The Saturday Disney movie marathon. The too early fall baking and decor. Rereading your favorite childhood books. Playing video games all afternoon. Extra cheese on your pizza. Whatever it is you’re splurging on to help you cope and get through the day, just enjoy it. If no one’s getting hurt, it’s fine. Don’t worry about people judging you for harmless indulgences.
Don’t disappear too long. The world still needs you. But turn it all off and rest for a minute.
Anyone else realizing their flight response is on high alert?
I think mine turned on a couple years ago, and I have yet to completely turn it off. And now in a pandemic, I think there might be a good number of us who feel this way. With our flight response, when there is an imminent threat that can’t be fought off, we want to run away from it and get to safety as soon as possible. With Covid-19, we don’t have a natural immunity to this particular virus strain, and there is no guarantee that the virus is mild or survivable. For many, yes, it will end up being okay; but for many others who were seemingly in good health, they ended up in the hospital or dying. And this pandemic is far from over, so this flight response that many of us may be feeling might stay in place for a while.
This is challenging enough on its own. But we still face every day stresses. A rough day at work. A miscommunication between friends. A burnt dinner. These are common issues that we are more than capable with dealing with, but these problems feel amplified when our flight responses is clicked on. Our daily inconveniences feel like major disasters that are a threat to our well-being, so we might be inclined to shut down and withdraw as a way of fleeing to safety.
There are times when it is completely appropriate to withdraw and take some time to collect yourself. But if our flight response is triggered throughout the day, we often don’t have the luxury to hide and practice self-care. It is good to develop some coping mechanisms to help us check out for just a moment and then get back to the day. One that I use often is box breathing, which is when you breathe in for four counts, hold for four counts, exhale for four counts, and hold for four counts. This helps you regain some control over your thoughts and your muscles (especially if you are prone to panic attacks.) Grounding yourself by putting your hand over your heart and speaking affirmations to yourself can help focus your mind. Make sure you’re eating and drinking when you need to. Here you can find some other suggestions for anyone who struggles with anxiety: https://adaa.org/tips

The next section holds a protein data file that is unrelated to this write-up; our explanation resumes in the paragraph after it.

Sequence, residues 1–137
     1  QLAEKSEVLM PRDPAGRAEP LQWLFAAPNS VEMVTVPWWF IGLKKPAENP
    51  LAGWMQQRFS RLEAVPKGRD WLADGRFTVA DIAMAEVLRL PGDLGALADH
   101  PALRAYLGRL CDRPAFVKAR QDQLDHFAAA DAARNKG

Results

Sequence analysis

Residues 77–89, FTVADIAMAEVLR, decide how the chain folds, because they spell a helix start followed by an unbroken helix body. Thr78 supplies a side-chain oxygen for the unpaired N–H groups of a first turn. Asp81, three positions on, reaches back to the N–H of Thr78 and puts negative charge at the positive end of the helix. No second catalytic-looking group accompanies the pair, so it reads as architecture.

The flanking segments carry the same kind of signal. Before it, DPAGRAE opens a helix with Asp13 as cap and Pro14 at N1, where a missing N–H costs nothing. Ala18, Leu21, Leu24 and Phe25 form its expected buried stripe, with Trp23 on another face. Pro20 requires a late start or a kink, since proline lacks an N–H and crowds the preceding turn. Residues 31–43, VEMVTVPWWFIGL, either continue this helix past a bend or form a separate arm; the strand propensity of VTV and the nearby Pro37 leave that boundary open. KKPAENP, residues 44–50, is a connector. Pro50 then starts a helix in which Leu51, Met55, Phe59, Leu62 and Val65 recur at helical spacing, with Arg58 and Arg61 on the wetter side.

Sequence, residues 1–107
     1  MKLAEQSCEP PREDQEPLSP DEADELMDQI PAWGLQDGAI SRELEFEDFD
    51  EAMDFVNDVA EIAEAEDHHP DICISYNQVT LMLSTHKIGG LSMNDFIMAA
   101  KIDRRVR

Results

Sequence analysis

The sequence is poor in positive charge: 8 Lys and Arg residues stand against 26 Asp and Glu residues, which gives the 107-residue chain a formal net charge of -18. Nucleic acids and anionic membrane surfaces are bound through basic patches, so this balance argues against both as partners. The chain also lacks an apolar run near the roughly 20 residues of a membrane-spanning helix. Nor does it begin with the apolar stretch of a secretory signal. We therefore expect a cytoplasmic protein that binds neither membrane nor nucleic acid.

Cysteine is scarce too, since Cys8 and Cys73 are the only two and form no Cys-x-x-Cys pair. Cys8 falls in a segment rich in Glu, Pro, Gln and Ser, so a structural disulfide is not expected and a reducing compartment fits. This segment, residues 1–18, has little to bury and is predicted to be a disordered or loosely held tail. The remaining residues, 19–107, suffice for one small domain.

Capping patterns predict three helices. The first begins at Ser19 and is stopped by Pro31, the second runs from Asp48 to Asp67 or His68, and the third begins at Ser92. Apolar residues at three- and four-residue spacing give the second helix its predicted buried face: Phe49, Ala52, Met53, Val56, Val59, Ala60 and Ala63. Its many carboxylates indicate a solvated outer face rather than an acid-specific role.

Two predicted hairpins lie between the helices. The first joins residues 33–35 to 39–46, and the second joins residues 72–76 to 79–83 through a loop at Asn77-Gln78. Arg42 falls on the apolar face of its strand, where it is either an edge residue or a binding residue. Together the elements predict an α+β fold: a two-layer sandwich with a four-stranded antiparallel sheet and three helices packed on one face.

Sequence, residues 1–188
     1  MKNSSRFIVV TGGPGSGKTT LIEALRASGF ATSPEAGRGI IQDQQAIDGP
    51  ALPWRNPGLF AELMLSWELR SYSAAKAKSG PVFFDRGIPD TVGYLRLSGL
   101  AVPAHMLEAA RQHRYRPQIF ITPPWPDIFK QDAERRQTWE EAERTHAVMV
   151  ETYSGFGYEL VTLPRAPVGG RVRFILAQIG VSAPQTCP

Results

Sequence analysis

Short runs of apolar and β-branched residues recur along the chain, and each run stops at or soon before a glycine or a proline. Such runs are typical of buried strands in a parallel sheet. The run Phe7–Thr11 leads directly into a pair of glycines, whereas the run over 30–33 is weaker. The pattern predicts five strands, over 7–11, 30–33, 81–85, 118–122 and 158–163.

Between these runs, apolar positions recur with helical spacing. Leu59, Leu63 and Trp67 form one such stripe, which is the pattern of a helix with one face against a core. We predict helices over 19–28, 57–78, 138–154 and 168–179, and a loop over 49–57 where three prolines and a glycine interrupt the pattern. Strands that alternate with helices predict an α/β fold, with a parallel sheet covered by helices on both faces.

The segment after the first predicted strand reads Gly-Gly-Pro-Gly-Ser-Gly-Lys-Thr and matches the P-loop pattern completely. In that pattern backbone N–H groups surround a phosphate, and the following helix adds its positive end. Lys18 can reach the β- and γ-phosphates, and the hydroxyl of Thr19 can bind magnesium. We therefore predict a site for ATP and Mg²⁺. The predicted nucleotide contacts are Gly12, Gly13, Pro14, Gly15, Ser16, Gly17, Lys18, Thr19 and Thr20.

I know it feels like the world is ending, and this makes our daily stresses feel like uncontrollable chaos. It’s rough. But when we break a dish or if the dog chews up a shoe or we forget to take the trash up to the curb, it is not a threat or a disaster. Get your breath, do what you need to fight off that flight response.
Covid-19 has taken so much away from us. People have lost loved ones, celebrations they planned for, jobs and income, and so much more. There is so much grief. We have given up so much of ourselves, especially our essential workers who are risking their health and isolating themselves so as not to expose someone they love to illness.